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Old November 3rd, 2021, 12:58 AM   #1
TuesdayKolt
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Motorcycle(s): 2009 ninja ex250

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Throttle issue

Hey so i have a 2009 ninja 250 with a slip on.the buddies i ride with have 300s and 600s.
Im always waaay behind..i feel like im 70% on the throttle and find myself shifting at 8k
Im not used to the speeds of full throttle or feel it cant hold it for long...any advice?
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Old November 3rd, 2021, 01:07 AM   #2
DannoXYZ
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practice by yourself on wide open long straight road.

1. 1st-gear, 80% to 8k, then slow down, relax, turn around

2. 1st-gear, 90% to 10k, then relax, slow down, turn around

3. 1st-gear, 90% to 12k, then slow down, relax, turn around

4. 1st-gear, 95% to 14k, then relax, slow down, turn around

5. 1st-gear, 100% on 14k, slow down, turn around

6. repeat each step as many times as necessary until you can progress to next step
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Old November 3rd, 2021, 10:44 AM   #3
thedrewski86
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I would advise riding alone for a while. Trying to keep up with a group is not only unsafe but frustrating. Get some time in on a route you really enjoy and that you find challenging, and practice, practice, practice. When I started trying to get faster, I found a couple general things to keep in my mind that proved helpful:
1. Ride slower to go faster. This really works.
2. Stop coasting up to your turn-in point. Maintain throttle until you reach a brake point, slow down, turn, and throttle out.
3. Get used to how the bike feels at WOT. Practice in a controlled environment and learn how to position your body, shift etc. to handle the acceleration. That's the beauty of the 250: you can do things like this without too much risk.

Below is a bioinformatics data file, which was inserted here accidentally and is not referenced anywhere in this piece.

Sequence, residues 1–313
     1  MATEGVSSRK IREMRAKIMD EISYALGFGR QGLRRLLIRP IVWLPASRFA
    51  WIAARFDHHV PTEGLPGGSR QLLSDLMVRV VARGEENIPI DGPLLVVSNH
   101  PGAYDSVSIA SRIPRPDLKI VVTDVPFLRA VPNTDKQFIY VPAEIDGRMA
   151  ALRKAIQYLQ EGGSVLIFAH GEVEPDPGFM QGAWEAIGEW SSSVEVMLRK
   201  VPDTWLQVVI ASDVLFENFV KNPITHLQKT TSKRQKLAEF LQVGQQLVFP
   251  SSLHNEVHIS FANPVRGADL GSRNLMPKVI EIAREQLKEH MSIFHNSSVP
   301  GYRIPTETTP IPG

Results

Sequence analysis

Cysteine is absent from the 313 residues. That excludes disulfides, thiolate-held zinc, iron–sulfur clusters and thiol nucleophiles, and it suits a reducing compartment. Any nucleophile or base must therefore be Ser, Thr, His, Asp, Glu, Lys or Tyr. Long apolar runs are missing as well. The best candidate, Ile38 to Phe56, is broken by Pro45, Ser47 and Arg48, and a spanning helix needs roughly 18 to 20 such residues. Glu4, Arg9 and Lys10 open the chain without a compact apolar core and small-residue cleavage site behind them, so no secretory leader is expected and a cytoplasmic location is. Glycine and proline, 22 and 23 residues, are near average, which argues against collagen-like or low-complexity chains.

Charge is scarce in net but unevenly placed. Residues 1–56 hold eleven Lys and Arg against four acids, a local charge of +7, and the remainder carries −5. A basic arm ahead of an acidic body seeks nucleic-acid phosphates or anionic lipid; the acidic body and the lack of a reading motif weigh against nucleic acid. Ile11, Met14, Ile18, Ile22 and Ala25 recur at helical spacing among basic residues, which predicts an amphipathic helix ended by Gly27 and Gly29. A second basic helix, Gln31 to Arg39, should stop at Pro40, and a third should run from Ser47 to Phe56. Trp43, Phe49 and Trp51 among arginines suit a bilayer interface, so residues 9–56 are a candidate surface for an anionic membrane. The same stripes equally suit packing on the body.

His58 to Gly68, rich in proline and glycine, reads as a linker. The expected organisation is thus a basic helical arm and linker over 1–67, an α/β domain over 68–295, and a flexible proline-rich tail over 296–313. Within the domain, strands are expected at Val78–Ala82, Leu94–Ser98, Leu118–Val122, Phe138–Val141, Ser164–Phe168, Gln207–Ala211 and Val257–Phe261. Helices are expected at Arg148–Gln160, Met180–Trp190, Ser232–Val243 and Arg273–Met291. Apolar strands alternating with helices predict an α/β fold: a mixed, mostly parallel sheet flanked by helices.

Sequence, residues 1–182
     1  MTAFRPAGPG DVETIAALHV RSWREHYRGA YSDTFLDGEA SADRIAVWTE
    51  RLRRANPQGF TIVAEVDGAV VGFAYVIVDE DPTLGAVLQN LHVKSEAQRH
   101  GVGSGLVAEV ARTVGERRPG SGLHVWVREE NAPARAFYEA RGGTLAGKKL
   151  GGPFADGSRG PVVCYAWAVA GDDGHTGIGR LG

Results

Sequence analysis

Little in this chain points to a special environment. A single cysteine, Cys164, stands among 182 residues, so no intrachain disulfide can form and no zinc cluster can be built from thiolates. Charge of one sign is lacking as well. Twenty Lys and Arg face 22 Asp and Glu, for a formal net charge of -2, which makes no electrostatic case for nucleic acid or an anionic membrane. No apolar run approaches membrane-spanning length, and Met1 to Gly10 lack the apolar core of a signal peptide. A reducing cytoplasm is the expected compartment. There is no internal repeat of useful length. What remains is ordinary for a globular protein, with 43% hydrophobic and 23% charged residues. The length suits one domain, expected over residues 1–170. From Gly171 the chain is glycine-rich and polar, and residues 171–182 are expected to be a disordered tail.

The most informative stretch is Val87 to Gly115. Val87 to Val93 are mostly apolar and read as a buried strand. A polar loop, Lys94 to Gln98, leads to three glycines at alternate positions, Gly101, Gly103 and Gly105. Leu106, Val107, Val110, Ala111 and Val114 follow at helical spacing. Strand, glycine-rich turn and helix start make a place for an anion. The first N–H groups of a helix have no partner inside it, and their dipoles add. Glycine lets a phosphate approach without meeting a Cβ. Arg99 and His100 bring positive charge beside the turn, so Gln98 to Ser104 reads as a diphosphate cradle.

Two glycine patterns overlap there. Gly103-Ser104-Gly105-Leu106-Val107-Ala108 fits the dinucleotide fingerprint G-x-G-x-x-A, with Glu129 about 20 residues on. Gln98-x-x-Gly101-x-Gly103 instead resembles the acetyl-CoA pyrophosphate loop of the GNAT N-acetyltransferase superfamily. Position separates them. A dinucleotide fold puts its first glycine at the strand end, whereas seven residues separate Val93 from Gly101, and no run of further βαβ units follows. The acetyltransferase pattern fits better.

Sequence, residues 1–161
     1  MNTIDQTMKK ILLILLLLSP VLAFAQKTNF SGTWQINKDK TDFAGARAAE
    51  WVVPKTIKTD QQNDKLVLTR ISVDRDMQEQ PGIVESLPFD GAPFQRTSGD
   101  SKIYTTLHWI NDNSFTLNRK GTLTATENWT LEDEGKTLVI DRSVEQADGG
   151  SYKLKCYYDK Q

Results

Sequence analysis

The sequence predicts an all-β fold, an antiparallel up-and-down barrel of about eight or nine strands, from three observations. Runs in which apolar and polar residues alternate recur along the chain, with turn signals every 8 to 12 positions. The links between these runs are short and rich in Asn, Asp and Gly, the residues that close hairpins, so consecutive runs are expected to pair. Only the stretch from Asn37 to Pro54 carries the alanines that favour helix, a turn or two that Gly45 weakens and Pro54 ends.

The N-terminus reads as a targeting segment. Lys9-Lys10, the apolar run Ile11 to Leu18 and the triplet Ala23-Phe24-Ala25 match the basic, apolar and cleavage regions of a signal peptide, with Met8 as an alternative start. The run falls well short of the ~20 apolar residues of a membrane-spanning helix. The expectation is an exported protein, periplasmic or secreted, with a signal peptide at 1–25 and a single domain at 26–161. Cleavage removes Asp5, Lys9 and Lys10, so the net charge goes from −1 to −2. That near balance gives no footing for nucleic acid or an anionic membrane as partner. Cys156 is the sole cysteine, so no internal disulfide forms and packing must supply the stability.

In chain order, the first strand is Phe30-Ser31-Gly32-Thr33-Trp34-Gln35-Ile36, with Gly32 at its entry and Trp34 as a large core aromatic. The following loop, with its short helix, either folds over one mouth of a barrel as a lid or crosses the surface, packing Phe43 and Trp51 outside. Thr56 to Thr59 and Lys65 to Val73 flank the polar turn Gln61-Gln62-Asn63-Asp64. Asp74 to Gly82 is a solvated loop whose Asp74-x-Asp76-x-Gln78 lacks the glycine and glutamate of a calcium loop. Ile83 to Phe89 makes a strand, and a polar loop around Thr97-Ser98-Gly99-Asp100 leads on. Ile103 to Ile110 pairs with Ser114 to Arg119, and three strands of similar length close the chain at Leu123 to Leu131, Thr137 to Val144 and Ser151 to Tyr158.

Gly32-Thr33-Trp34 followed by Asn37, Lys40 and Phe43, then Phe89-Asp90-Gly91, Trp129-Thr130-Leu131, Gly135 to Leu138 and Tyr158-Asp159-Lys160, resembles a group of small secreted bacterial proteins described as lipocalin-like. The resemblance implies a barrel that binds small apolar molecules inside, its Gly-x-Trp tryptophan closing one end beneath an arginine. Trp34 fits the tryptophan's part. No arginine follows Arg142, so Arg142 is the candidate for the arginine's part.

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Old November 3rd, 2021, 11:33 AM   #4
DannoXYZ
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Yeah, don't try to keep up or copy what others do. They may lead you right off cliff!

Yup, lots practice is key, and always stay within your comfort zone. Work on throttle-control and picking exact lines through corners. That is, identifying optimal line, then making bike carve that exact path.

Quote:
Originally Posted by thedrewski86 View Post
That's the beauty of the 250: you can do things like this without too much risk.
That's why I race 250; it's fast enough to scare me, but not fast enough to kill me...

Last futzed with by DannoXYZ; November 4th, 2021 at 02:36 AM.
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Old November 3rd, 2021, 01:08 PM   #5
thedrewski86
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Quote:
Originally Posted by DannoXYZ View Post
That's why I race 250; it's fast enough to scare me, but not fast enough to kill me...
That's why I may have my 650 for sale next season. I would hate to do that seeing as I've had it for so long and it's perfectly suited to me, but the 250 can do the same thing for less money and less risk.
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Old February 13th, 2024, 01:59 AM   #6
Mohawk
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Book yourself into a race school & learn to ride properly. Like everything in life some people have a feel for it, some don't. As mentioned above trying to hang on to faster riders will result in a crash. Check out youtube canyon crash videos if you want to see what that looks like.

One of the best days in my life was having a pukka TT racer as my track instructor after our first session together we come into the pits & he hi-5's me. When I asked why he was excited, as it should be me right! He said "we (the instructors) reckon that if we can get a punter (you & me) down Craner Curves (Donnington Park Circuit) at 90mph we are doing well" so I say OK, so why the hi-5? He says "because we were doing 110mph" !!! Me on a Ron Haslam Race School CBR600RR, instructer Jack Russell was on a CBF1000F, race pace on a 600 is 120mph down Craner Curves, so not bad for my 2nd ever 15minute session round Donnington ��

I felt like a god, until the very old now, actual Ron Haslam (ex GP Racer) came under me on the way into the old hairpin on a CBR500F �� I'm not a god ����

Last futzed with by Mohawk; February 13th, 2024 at 08:25 AM.
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